71. ‘Tell me about how you ensure a website is performant

    enough?’
  72. ‘Tell me how you have considered performance during your design

    process?’
  73. We didn’t set out to hire performance experts

  74. Starting the UX process

  75. At the start of the UX process we introduced the

    team to performance budgets
  76. A performance budget is a goal which guides design and

    development
  77. Tim Kadlec “The purpose of a performance budget is to

    make sure you focus on performance throughout a project. The reason you go through the trouble in the first place though is because you want to build a site that feels fast for your visitors.” http://www.timkadlec.com/2014/11/performance-budget-metrics/
  78. In order for you to determine what your performance budget

    should be, you need to determine what you’re going to measure
  79. We chose to use Milestone Timing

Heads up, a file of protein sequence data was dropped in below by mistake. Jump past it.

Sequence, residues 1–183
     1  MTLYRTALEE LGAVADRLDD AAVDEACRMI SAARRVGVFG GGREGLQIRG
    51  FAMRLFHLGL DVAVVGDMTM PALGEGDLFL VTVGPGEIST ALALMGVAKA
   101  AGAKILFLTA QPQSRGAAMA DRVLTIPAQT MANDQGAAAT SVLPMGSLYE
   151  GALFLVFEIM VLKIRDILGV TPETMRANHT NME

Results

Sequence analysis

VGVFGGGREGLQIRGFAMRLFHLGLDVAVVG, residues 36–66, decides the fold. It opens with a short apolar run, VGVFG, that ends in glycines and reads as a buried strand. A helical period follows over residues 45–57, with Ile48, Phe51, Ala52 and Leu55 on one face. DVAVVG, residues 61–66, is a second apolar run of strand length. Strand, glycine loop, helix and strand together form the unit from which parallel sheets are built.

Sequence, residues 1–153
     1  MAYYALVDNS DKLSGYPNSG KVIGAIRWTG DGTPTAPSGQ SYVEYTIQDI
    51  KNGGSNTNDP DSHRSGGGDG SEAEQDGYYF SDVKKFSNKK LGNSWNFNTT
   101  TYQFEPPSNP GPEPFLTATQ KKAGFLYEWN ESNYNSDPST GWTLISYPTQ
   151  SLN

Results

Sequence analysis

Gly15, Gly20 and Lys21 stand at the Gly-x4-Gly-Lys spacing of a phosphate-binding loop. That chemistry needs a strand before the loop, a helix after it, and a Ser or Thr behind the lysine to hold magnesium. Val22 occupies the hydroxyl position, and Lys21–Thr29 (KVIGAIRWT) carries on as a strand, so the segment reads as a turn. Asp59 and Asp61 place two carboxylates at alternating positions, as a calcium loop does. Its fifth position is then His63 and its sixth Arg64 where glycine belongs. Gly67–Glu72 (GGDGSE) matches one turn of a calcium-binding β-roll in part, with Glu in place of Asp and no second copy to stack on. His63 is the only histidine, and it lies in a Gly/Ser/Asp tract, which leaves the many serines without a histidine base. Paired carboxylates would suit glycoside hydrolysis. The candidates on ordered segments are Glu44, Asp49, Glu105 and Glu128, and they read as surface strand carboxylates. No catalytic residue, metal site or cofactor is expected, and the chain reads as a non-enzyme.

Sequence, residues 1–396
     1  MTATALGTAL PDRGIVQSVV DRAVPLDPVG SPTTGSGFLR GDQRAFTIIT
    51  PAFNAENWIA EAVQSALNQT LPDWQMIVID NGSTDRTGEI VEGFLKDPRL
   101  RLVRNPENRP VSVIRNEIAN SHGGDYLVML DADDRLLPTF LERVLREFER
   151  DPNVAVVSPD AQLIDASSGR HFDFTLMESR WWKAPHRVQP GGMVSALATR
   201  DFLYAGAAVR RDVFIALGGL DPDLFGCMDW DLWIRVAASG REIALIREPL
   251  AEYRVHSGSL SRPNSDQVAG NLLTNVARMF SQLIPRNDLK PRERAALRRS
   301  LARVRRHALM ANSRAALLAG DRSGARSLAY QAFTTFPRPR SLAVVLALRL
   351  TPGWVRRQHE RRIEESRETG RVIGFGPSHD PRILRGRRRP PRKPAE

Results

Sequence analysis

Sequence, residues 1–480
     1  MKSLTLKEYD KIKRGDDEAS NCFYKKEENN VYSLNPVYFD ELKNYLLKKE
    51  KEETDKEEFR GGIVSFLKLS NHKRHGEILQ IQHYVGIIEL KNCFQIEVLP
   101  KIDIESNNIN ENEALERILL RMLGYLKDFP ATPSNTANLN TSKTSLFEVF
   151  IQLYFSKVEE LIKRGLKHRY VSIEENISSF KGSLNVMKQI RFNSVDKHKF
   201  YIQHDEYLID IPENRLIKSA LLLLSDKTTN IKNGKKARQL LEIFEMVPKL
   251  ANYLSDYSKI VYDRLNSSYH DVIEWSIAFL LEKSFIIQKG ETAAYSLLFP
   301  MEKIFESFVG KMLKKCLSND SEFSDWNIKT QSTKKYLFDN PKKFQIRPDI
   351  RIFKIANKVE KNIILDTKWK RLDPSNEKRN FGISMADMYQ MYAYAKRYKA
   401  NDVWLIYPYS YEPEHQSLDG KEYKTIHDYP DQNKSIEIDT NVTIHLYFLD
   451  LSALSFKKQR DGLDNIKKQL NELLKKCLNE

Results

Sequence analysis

80. Therefore the maximum time it takes to get to our

    milestone forms our performance budget
  81. We had already agreed with our clients that we want

    our page to be interactive within 5 seconds on a slow 3G connection
  82. 96KB x 5secs = 480KB

  83. We can then split 480KB across our assets

  84. Budget HTML CSS JavaScript Images 30kb 40kb 50kb 360kb

  85. If our designers then decided they wanted to add web

    fonts to our website we then adjust our budget
  86. HTML CSS JavaScript Images Fonts 30kb 40kb 50kb 300kb 60kb

    Adjusted budget
  87. The budget only covers the data required until we reach

    our milestone
  88. Experimenting with different performance budgets

  89. Building a performance budget is about reaching the correct balance

  90. and creating the performance budget should be a collaboration between

    the various stakeholders
  91. One such tool that helps you do this is performancebudget.io

  92. None
  93. None
  94. None
  95. Once we had set upon a performance budget for our

    site we then looked at techniques we could use to achieve it
  96. One way was to lazy load our imagery so that

    the browser focused on loading the images that were in view first
  97. Moving from design into development

  98. Start by defining the acceptance criteria for the developers to

    implement
  99. The performance characteristics of each component need to be carefully

    considered
  100. The developers paired with the designers to validate the way